What about revolution? Perhaps the strongest objections to Anarchy, and our fear of it, arise from historical accounts and recent experience of revolution. The worst of human behaviour explodes into the vacuum created when years of dysfunctional government or tyranny are overthrown by revolt. This unfortunately becomes yet further evidence of the inability of humans to govern their own affairs — Hobbes is vindicated, a self-fulfilling prophecy of sorts. So for the moment, because of where we are in history, we need to vote — for governments that are not built upon a Hobbesian ideology.
One of the penalties for refusing to participate in politics is that you end up being governed by your inferiors.
Have you ever heard, “It doesn’t matter who you vote for, a politician gets in”? Or this one, “Liberal (right) or Labor (left): they’re as bad as each other”? So do we just curl up in the corner and let them fuck us over?
In response to the first objection let me say: Nelson Mandela, Franklin D. Roosevelt, Henry Waxman, Bob Brown, Gough Whitlam, Aung San Suu Kyi, Alexander Dubček, Marina Silva, Helen Clark, Ken Livingstone, Jóhanna Sigurðardóttir, Wangari Maathai and José Mujica.
In response to the second: The Australian Greens, The Green Party USA , Green Party (UK), The Socialist Democratic Party, Syriza and Podemos.
OK, you could say I am leaning left and green, and you’ll have no argument from me. Because the swing to the right and money, even from traditionally left wing parties (in pathetic attempts to survive), that has dominated world affairs since the 1970s has proven to be a disaster for both humans and the environment. But times change and the current political apathy and ignorance, that accompanied the legitimate desire for people to be free of tyranny and any form of oppression or control, is over. A recent rise of the green left, as epitomised by Syriza and Podemos, is good news for the common people and for the life support systems of the planet. We are waking up to the fact that the “free market” — a bullshit justification for the rape of the planet and the enslavement of the masses — is neither fair nor sustainable. This should be encouragement for even the most hardcore disbelievers in humanity. So get out there and vote.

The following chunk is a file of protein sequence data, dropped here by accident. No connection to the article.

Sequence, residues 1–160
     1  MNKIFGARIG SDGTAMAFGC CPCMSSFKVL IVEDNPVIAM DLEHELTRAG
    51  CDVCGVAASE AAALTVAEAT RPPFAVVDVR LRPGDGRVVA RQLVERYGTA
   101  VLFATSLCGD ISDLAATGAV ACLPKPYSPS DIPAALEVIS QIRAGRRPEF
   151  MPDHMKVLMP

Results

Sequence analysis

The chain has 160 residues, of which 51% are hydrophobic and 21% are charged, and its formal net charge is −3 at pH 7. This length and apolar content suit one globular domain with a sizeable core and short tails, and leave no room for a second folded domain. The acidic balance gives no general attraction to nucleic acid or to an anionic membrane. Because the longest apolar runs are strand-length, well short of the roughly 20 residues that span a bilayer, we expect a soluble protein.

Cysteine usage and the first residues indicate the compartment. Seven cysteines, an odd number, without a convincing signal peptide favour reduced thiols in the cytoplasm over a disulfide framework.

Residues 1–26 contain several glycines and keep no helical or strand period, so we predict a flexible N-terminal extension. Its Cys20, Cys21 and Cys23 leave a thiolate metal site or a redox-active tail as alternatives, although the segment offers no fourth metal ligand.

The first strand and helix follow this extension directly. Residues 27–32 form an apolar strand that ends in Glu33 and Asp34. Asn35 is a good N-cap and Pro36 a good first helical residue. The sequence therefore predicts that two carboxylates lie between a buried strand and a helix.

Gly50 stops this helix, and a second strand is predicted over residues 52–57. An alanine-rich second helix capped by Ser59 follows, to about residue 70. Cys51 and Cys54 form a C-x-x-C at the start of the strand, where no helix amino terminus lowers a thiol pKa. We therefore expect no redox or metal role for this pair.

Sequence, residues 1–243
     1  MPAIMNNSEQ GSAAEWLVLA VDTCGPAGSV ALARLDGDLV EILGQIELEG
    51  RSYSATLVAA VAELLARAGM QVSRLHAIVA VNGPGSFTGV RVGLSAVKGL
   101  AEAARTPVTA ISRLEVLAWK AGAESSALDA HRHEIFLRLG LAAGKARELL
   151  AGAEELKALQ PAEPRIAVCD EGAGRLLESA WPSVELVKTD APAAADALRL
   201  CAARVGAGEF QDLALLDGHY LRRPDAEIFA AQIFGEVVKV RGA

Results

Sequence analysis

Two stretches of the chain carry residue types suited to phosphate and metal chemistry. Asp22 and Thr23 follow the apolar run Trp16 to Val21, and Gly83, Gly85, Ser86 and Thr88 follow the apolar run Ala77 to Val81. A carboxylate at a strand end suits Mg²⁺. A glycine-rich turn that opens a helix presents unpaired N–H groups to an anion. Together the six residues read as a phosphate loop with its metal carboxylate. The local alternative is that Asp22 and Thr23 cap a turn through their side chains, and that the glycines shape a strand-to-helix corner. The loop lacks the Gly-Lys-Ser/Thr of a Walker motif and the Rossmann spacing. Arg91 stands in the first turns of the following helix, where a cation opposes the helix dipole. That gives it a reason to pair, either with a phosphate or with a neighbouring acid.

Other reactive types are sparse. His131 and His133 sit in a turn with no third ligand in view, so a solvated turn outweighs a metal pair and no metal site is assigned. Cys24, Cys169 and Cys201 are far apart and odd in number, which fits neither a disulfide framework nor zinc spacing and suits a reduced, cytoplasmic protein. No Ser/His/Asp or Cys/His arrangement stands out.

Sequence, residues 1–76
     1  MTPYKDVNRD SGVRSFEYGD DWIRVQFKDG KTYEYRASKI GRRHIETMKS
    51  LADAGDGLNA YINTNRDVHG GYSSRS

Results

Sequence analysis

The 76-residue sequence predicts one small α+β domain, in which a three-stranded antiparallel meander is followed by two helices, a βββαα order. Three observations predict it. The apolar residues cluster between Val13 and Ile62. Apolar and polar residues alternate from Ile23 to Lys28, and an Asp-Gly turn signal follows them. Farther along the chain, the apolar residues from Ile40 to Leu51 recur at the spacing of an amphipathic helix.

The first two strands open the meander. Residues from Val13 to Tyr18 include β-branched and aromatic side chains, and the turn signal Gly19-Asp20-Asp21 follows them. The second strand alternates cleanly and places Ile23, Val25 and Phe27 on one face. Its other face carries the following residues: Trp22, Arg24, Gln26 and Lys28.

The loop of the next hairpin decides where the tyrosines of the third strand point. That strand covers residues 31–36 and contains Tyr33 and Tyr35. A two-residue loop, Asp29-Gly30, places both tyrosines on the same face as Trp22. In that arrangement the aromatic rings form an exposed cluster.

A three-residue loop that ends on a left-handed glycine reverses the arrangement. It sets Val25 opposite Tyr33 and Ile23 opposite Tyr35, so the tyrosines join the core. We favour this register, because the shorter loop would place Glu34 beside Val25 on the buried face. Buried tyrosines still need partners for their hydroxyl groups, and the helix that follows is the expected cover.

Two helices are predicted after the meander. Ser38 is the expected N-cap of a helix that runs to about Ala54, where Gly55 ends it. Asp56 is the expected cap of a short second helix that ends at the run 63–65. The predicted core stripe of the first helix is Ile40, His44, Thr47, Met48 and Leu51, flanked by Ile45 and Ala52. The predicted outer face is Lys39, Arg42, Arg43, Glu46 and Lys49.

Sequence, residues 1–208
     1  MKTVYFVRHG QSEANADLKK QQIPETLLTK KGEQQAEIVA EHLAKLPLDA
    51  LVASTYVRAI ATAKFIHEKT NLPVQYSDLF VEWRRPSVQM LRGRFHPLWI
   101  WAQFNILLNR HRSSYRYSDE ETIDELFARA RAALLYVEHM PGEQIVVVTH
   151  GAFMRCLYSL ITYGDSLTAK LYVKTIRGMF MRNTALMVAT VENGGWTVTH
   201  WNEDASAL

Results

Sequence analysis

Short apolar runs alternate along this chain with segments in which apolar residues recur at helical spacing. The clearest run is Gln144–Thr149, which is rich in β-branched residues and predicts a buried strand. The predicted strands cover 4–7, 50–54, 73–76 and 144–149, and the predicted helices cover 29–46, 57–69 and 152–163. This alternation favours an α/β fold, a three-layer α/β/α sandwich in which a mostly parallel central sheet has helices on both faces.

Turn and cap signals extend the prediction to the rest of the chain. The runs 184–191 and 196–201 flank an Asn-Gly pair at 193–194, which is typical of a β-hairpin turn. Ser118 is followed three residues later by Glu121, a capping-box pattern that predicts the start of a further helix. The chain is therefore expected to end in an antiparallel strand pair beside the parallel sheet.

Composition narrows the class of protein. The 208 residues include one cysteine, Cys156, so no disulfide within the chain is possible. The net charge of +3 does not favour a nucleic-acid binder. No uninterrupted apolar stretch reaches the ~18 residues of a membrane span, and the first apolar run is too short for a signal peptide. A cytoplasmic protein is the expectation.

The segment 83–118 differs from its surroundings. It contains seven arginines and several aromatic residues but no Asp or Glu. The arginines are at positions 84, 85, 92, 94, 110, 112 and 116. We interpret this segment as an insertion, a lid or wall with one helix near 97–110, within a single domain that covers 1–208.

The most powerful force possessed by the individual citizen is her own government…Government is the only organised mechanism that makes possible that level of shared disinterest known as the public good.
– John Ralston Saul
Political apathy is no longer cool. Virtually all of the destruction of the environment, and all of the human rights abuses, happening right here, right now, are permitted or ignored by the governments of the world. Opting out of the political processes that form our governments is not a form of protest; it is neglect. If you are not 100% happy with the current world’s state of affairs, casting a vote is the very least you can do. All activism is political and every tool available ought to be used. There are alternatives; the defeatists will point out that “they will never get in”, but every vote for a minor party or an independent does have an impact. If there is no alternative to the two major parties in your electorate, an informal vote is a thousand times greater protest than simply not turning up. Better still, get active within your community and help to make sure there is a green socialist candidate standing next time. Then vote.
Around my way recently I heard an elected government boast that the nation is “open for business”. This same government then revealed that it has no qualms about dredging in the Great Barrier Reef, because apparently “coal is good for humanity”, and the economy of course. It is hard to find anyone prepared to admit they voted for this government — but enough did. I know you didn’t, so how about changing the subject at work, at home, or in the street, from sport, fashion and celebrity to politics. You may get some moans and groans, but if you point out that Cristiano Ronaldo, Jean Paul Gaultier or Kanye West are not going to change the world for the better then you may get some attention. You will be part of creating a more informed public, that crucial element to a strong and healthy democracy. Then make an informed vote.
All suffering is ignorance. Now is the time to look, listen, learn and talk about what is really going on. The governments that are currently on watch and with all the power, the very same ones that are performing so poorly for us and the environment, were voted in by us, and can be voted out by us. They only get away with it if we allow them to. So vote.